HAVANA._ The simple fact that Brazil is attending the Toronto Pan American Games with its second largest ever delegation demonstrates that the South American nation is clearly intent on showing its sporting muscle just one year away from the 2016 Rio de Janeiro Olympics.

The South American giant’s 600-strong team comprises Olympic medalists, world champions, and young athletes who are aiming to improve their results at Guadalajara-2011 where they took 48 gold, 35 silver, and 58 bronze medals, for an overall tally of 141.

The President of the Brazilian Olympic Committee (BOC), Carlos Nuzman, said that these Games are certainly an additional motivation for next year’s Olympic Games, recognizing the immense challenge that leaving Brazil with such a large delegation poses.

According to the BOC, among the Olympic medalists who is competing in Toronto are swimmer Thiago Pereira, holder of seven titles and three standing Pan American records, judokas Mayra Aguiar, Felipe Kitadai, Rafael Silva, Tiago Camilo, and the sailor Robert Scheidt, among others.

The largest ever Brazilian team to participate in the Games was of 660 competitors, when they represented the host nation in Rio-2007. That delegation achieved their best results ever, taking a total of 157 medals, of which 52 were gold, 40 were silver, and 65 were bronze.

This was the second time Brazil hosted the Pan American Games, the first time being in 1963 in the densely populated city of Sao Paulo where they took 14 titles, 20 second places and 18 third for a total of 52.

It is also noteworthy that, during that time, the Brazilian soccer team dethroned their Argentinean counterparts and winners of the three previous titles.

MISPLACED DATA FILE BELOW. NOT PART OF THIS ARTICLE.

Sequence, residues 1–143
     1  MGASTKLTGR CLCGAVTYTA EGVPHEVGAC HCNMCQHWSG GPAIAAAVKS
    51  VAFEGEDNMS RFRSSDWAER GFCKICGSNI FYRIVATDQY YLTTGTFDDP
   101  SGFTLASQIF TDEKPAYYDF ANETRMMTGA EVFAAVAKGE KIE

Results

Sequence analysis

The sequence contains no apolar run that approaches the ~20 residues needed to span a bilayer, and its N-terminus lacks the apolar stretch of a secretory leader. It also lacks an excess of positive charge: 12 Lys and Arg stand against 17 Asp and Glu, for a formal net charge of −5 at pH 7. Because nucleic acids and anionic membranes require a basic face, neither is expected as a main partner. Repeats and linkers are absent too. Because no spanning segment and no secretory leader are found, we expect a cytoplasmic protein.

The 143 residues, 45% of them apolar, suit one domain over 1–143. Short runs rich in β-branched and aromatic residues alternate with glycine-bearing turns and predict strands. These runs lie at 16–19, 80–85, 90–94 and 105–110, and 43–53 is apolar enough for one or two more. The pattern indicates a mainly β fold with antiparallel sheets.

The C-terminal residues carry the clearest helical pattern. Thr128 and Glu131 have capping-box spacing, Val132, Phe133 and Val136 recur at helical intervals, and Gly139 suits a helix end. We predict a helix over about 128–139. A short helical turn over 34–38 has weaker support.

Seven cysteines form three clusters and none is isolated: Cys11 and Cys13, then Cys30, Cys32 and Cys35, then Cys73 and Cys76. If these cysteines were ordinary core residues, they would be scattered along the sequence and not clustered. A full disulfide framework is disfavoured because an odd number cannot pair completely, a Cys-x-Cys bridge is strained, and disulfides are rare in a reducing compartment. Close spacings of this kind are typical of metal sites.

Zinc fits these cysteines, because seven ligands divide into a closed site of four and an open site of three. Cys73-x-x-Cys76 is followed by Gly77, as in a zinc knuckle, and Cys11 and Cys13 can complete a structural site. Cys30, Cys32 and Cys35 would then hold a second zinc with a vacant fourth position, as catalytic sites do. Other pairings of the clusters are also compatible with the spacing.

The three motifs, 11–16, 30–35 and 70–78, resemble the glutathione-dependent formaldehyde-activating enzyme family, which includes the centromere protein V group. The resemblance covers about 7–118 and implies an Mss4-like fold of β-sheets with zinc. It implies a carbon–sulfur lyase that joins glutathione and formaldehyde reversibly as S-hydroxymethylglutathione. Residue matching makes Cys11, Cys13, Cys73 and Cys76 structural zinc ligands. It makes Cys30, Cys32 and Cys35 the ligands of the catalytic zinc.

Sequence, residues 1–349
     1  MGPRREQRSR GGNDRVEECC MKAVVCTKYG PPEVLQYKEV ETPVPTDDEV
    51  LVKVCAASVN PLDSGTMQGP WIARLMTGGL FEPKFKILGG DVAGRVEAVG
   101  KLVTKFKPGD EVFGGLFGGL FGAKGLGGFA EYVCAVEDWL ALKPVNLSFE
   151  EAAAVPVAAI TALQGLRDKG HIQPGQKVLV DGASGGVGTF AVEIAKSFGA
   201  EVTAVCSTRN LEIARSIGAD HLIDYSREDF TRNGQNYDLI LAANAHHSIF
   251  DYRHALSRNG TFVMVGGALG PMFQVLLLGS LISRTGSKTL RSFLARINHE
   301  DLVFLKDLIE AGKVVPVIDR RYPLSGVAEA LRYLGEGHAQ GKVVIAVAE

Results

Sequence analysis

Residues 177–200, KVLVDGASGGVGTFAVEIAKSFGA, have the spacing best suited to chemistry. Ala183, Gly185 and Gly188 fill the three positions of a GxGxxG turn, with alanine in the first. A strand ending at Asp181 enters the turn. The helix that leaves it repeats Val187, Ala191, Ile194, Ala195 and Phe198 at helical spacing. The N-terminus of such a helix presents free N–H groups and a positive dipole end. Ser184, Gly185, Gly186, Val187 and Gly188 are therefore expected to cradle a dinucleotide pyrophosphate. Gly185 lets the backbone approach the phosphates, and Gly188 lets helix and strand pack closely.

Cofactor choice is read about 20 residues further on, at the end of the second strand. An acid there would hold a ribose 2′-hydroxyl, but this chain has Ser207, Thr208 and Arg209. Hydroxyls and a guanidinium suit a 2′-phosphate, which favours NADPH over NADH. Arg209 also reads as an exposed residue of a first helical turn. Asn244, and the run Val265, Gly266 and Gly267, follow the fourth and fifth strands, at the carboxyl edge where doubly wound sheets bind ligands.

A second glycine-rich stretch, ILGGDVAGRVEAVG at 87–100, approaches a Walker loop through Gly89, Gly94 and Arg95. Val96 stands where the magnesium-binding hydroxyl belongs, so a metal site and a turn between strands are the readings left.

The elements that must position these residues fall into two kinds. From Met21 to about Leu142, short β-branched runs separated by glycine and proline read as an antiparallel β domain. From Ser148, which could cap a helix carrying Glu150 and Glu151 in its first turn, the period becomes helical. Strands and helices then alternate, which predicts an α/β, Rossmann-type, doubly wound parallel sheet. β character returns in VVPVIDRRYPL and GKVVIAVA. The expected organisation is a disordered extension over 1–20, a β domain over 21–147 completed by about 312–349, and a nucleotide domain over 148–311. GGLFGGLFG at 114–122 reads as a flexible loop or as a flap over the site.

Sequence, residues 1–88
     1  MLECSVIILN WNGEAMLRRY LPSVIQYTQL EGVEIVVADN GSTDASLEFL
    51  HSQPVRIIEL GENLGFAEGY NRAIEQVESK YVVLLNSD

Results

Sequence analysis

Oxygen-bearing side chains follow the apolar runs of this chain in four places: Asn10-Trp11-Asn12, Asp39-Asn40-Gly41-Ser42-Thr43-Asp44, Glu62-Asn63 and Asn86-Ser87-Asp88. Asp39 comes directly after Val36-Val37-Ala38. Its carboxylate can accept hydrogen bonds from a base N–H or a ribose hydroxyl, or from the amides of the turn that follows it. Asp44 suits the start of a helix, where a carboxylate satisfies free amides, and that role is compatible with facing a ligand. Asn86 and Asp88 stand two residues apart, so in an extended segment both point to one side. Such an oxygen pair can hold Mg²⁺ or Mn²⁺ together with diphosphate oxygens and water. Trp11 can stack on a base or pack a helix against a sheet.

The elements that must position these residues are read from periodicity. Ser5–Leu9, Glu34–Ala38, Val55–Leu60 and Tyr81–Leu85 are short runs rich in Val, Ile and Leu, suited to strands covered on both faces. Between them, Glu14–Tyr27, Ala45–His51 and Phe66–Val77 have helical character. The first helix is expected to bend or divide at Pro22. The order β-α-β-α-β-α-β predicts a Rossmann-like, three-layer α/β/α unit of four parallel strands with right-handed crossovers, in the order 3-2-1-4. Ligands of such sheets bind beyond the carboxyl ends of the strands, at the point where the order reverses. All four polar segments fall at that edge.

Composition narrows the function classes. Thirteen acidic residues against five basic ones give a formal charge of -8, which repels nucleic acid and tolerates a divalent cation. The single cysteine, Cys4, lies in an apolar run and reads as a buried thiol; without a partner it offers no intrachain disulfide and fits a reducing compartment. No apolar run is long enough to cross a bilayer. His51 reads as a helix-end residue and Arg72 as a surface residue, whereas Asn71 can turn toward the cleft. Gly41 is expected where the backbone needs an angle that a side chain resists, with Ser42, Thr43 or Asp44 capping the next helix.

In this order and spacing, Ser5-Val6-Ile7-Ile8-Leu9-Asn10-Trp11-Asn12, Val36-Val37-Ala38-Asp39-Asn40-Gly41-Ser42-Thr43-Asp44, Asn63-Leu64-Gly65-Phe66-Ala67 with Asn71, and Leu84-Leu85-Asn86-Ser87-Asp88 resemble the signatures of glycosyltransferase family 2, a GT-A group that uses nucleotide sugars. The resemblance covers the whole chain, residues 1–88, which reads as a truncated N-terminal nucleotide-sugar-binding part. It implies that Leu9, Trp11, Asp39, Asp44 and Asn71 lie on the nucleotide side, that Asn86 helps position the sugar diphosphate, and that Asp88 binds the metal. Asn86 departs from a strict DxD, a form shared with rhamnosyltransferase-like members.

THE HAND OF HISTORY

There are many Brazilian sports personalities who have added greatly to the 16 editions of the quadrennial Americas event held thus far.

In athletics, for example, the performances of jumper Joao De Oliveira, winner of four triple and long jump golds in Mexico-1975 and San Juan 1979, are unforgettable.

In Mexico, De Oliveira became the second Brazilian triple jumper to set a world record at a Pan American Games with a 17.89m reach.

Twenty years earlier and also in the land of the Aztecs, Adhemar Ferreira da Silva surpassed the mark set by Soviet Leonid Sherbakov with a jump of 16.23m to take the second of three golds won at these competitions.

It would be impossible not to mention the extraordinary jumper Maureen Higa Maggy, long jump champion in Winnipeg-1999, Rio-2007 and Guadalajara-2011.

However, in individual events, none have lived up to the aspiration for gold as swimming has, which has delivered more than 40 men’s titles and been home to world class figures such as Thiago Pereira, Gustavo Borges and César Cielo.

The latter, first Brazilian swimming champion and Pan American record holder in the 50 and 100m freestyle with 21.58 and 47.84 seconds respectively, declined to travel to Toronto to focus on his endeavors to take a fourth consecutive 50m title at the Kazan World Championships next August.

Brazil boasts 24 gold medals in judo, including six won at the Guadalajara games, where Thiago Camilo retained his continental title in the middle weight division.

Tennis is another sport that has brought Brazil 14 glorious golds, while table tennis, in the games since 1983, has seen the South American giant’s male paddlers win the team competition six times.

The Brazilian men’s basketball teams have won five titles (1971, 1987, 1999, 2003 and 2007) while the ladies took the gold medal in three (1967, 1971 and 1999.)

While Brazil has dominated women’s handball since 1999, soccer performances have been somewhat lackluster with just 4 men’s titles – the last won in 1987 – and two won by its female teams, in 2003 and 2007.

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